Norman Davies

A short history of language in Ukraine

After six months of war in Ukraine, most observers agree that the roots of Russian aggression lie in the country’s deep-rooted attitudes to culture and history. In line with Russia’s nationalist traditions, Putin denies any place for a separate Ukrainian identity.

The Ukrainians, in contrast, see themselves as a proud nation with their own history, culture, centuries long struggle for independence, and, of course, language. And while Ukrainian has been dismissed as a dialect of Russian in Moscow, it in fact has a long history – and is very much a language in its own right.

That independence can be seen in the genesis of the word ‘Ukraine’ itself. In most Slavonic languages, the letter ‘U’ – and written in Cyrillic as У – is a preposition of location; according to context it can be translated as ‘in’, ’on’ ‘at’ or ‘near’, and it is followed by nouns in the genitive case. In Ukrainian, the word Kray means ‘edge’ (although in Russian it means ‘land’ or ‘country’). So ‘U Krayu’ stands for ‘At the Edge’, and Ukraina for ‘the Land on the Edge’ or ‘Borderland’. It is very similar to the American idea of the ‘Frontier’.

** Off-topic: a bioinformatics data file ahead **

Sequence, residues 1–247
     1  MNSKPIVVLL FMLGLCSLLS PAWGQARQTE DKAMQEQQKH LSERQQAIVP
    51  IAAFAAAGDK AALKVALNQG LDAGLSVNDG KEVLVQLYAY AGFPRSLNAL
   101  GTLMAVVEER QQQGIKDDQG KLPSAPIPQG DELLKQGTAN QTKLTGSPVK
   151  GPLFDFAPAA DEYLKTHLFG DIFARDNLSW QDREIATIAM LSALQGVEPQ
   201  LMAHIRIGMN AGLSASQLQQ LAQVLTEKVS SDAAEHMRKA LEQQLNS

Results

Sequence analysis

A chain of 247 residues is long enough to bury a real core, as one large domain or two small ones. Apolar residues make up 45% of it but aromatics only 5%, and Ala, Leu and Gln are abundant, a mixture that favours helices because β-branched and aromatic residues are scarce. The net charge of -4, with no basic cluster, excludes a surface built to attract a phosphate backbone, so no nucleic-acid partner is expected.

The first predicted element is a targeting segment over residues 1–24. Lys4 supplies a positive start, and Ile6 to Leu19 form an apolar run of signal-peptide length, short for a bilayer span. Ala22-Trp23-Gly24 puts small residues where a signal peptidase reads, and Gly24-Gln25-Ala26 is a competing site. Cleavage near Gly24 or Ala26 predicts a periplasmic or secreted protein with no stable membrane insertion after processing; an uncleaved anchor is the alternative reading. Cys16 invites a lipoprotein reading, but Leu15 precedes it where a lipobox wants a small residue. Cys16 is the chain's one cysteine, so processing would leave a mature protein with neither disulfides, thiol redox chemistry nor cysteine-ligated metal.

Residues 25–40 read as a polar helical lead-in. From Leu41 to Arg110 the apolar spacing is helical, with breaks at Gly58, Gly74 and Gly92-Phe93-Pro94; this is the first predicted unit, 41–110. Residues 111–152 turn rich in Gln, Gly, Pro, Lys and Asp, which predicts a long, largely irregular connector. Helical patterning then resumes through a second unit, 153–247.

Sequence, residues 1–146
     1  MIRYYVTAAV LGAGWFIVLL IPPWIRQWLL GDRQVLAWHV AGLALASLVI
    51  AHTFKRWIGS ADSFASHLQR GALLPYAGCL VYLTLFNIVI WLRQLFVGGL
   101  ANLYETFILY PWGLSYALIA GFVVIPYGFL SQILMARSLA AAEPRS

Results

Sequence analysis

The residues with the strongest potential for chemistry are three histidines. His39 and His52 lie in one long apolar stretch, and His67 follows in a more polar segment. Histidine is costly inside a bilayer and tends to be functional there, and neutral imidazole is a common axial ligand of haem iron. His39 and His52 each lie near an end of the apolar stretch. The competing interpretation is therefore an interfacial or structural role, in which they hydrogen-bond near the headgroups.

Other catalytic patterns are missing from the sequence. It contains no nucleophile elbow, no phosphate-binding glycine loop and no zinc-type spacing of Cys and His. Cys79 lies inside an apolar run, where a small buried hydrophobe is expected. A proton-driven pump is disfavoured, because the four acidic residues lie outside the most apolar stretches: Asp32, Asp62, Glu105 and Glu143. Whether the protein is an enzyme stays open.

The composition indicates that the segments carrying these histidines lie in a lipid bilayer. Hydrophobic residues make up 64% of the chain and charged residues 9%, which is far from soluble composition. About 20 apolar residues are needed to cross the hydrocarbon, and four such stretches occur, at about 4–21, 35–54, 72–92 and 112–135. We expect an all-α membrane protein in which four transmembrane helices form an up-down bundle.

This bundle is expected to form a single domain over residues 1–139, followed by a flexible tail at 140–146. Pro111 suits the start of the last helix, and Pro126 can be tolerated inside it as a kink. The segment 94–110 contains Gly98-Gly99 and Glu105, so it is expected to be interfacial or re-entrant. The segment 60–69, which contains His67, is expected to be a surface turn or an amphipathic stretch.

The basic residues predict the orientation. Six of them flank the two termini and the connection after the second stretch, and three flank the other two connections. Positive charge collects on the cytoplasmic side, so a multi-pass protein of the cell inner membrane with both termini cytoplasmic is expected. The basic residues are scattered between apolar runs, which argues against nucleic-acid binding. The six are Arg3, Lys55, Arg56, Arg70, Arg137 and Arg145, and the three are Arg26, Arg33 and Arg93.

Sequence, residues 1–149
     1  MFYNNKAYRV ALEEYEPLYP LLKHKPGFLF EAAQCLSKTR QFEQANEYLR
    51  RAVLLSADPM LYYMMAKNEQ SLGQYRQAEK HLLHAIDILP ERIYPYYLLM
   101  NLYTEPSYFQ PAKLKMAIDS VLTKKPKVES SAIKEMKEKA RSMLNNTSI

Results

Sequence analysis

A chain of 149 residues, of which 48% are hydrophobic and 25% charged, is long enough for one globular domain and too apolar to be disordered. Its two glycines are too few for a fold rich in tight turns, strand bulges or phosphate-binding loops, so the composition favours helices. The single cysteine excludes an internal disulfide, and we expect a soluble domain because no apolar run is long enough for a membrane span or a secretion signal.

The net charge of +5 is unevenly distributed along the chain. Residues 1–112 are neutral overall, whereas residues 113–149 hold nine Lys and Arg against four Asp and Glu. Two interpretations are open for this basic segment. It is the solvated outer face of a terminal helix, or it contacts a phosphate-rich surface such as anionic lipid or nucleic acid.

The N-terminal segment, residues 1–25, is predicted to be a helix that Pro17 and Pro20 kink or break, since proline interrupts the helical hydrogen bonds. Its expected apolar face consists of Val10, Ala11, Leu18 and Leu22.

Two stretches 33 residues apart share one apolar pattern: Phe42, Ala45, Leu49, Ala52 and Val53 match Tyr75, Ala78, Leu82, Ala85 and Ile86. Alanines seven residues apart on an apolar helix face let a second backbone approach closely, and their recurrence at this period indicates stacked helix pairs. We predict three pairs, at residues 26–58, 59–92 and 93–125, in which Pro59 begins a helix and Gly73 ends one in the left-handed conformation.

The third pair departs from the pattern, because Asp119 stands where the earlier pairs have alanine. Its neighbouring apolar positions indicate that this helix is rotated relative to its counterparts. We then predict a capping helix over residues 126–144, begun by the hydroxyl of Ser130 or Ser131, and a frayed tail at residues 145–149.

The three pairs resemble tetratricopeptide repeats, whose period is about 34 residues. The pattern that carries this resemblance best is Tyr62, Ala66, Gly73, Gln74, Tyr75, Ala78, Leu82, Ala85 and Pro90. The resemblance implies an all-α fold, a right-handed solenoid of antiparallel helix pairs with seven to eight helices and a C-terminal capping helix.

The question ‘on the edge of what?’, however, sparks controversy. One answer, since the term first appears in mediaeval times when Ukraine lay within the Jagiellonian realms of Poland-Lithuania, would be: ‘the borderland of Poland-Lithuania’. Others might say that Ukraine was ‘the Edge of Christendom’ or possibly of civilised settlement before the endless steppe. Russians think that Ukraine is the borderland of Russia.

The tenth century state of Kyivan Rus was created by a Viking dynasty ruling over a collection of East Slavic tribes. Those Eastern Slavs were the last in a prehistoric procession of Slavic peoples, who had drifted out of Eurasia in the rear of Latins, Celts, and Germanics.

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